The Changing Landscape of Business Communications
By Alexander Ban, 2nd Place Winner in the Fall 2019 Wheelhouse Essay Contest
Like a grapevine supported by a stout tree, the growth of business relies heavily on the advancement of technology, with the strongest branches being the innovation of new methods of communication. From pen and paper, to telegraphic messages, to today’s cellular and digital messages, each progression serves to optimize and streamline the process of inter and intracompany communication.
With the advent of the internet, professional communication became much faster, with most messages being sent by email. However, email did not completely replace the landline,, which was necessary whenever immediate response was necessary. In this modern age, landlines are sorely outdated. Most domestic landlines have been removed due to the convenience and benefits of a personal smartphone. It should stand that companies would want to follow this trend as well, due to the close nature between technology and business. One way businesses are adapting to modern communication is the usage of VoiP software. Programs like the one Wheelhouse offers are efficient package deals designed to make communication as easy and fast as possible for companies looking to modernize. This software includes options like mobile applications for smartphone compatibility, easy integration with other software, and call conferencing, recording, and forwarding which allows communication to be practical and intuitive to avoid wasting time on communication.
The unspoken question then is “where does communication technology go from here?” What’s the next step in business communication? Already businesses are utilizing VoiP systems and digital communication in their efforts to stay up to date. I believe that as we move into the 2020 decade, businesses will move towards more sophisticated virtual communication. Technology has already mastered the audial aspects of communication, now I think that development is shifting towards incorporating the visual portions.
Currently, tech companies, mostly entertainment-focused, have been innovating with Virtual Reality simulators. Devices like the Occulus Rift and HTC Vive have made into reality what seemed in the past like a Science Fiction dream. As this technology advances, and gets smaller and more resource friendly (the current VR models take an entire room of equipment to run!) I could see businesses adapting the usage of virtual reality for communication purposes. For example, an architectural presentation on prospective buildings would be much more informative if those involved could walk through a three-dimensional mockup of the building.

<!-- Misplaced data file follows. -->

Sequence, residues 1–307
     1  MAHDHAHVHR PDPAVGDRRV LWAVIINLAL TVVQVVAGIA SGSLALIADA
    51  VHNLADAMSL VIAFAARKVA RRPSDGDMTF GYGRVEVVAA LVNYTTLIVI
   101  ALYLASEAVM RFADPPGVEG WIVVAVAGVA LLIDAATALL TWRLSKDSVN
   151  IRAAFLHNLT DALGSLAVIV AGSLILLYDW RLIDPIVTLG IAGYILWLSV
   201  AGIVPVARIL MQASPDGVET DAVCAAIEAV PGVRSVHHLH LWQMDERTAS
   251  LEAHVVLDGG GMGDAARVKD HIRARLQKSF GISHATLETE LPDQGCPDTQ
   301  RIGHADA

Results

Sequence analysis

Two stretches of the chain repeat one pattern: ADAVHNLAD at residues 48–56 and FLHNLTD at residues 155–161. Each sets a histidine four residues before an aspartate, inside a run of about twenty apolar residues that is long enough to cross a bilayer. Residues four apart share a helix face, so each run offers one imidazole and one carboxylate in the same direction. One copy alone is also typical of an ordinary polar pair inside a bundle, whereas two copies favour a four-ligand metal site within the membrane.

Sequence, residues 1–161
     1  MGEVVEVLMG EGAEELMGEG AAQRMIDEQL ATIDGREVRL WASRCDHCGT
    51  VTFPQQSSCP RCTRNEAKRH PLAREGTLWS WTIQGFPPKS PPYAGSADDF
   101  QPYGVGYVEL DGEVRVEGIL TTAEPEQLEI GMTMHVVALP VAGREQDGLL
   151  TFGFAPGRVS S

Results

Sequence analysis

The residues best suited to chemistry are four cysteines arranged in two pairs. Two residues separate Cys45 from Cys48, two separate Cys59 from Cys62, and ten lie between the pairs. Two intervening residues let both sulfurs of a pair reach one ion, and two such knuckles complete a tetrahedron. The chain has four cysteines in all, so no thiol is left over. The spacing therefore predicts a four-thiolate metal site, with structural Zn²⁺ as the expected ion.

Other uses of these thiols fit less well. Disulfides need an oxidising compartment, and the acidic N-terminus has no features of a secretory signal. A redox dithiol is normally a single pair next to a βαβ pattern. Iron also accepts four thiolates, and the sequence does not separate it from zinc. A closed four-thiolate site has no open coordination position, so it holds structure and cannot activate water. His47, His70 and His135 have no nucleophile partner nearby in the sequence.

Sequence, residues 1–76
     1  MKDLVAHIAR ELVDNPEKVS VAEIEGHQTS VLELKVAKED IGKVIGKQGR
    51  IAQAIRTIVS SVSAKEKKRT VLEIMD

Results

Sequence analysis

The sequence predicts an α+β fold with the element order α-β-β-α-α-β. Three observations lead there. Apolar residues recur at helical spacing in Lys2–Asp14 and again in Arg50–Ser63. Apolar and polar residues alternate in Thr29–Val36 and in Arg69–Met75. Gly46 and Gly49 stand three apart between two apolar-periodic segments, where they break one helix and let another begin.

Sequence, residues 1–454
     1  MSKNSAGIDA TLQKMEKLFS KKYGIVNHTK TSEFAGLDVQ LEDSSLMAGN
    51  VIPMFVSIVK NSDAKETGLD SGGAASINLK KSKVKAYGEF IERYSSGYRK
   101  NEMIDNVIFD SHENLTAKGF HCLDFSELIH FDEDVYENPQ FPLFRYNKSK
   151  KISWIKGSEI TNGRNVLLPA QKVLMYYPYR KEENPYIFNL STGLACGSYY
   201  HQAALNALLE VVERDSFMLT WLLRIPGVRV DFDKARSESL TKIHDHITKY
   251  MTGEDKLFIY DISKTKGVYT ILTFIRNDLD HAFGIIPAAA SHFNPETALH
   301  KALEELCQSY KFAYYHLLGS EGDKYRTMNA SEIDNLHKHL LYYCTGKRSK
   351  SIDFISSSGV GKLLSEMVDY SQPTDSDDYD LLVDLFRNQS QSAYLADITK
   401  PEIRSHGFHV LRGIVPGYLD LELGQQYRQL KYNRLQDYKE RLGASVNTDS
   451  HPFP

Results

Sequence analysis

Imagine how engaging online conferences would be if everyone appeared to be in the same location, regardless of distance. Studies show that interpersonal communication is more effective when more “personal.” I.E. face to face is more effective than over the phone and email is the least effective form of communication. This could be due to the fact that person to person communication relies heavily on body language and tone as well as simply words. While video communication using such programs as Skype does partially solve that problem, virtual reality is the closest modern technology has come in portraying in person conversation over a long distance. Think of it as a frame vs a sculpture. When looking at a framed picture, the only perspective you see is that which the author wants you to see. You are locked into viewing from a specific angle, and so might miss out on key details in what you’re viewing. A statue on the other hand allows you to view the full object from any angle, seeing it as it truly is. So too will VR help in improving the clarity of communication.
I do not believe virtual reality will replace other forms of communication. Even with today’s instant messaging and conference calls there’s still a place for email and phone calls. No form of communication is perfect, and even with technological improvements VR has its flaws. For example, emails are much faster to send than a VR session is to set up. I think that VR will simply open up a new avenue of communication, which covers bases missed by current communication techniques.
Landlines, I believe, are going the way of the telegram. When first introduced to the world of business, they were revolutionary. A way to talk to people not in the room in real time was a huge step up. The astounding progression in technology has all but made them an outdated relic, with smartphones and VoIP software possessing all the capabilities of landlines and more. While I believe that phones will be a staple of communication practices for a long time to come, I feel that landlines will soon become a thing of the past.
In the end, technology is going to continue to press forward, at an ever increasing rate. Businesses will adapt to these changes as they have before, and I predict that the future of technology holds the death of the landline and the acceptance and incorporation of virtual reality.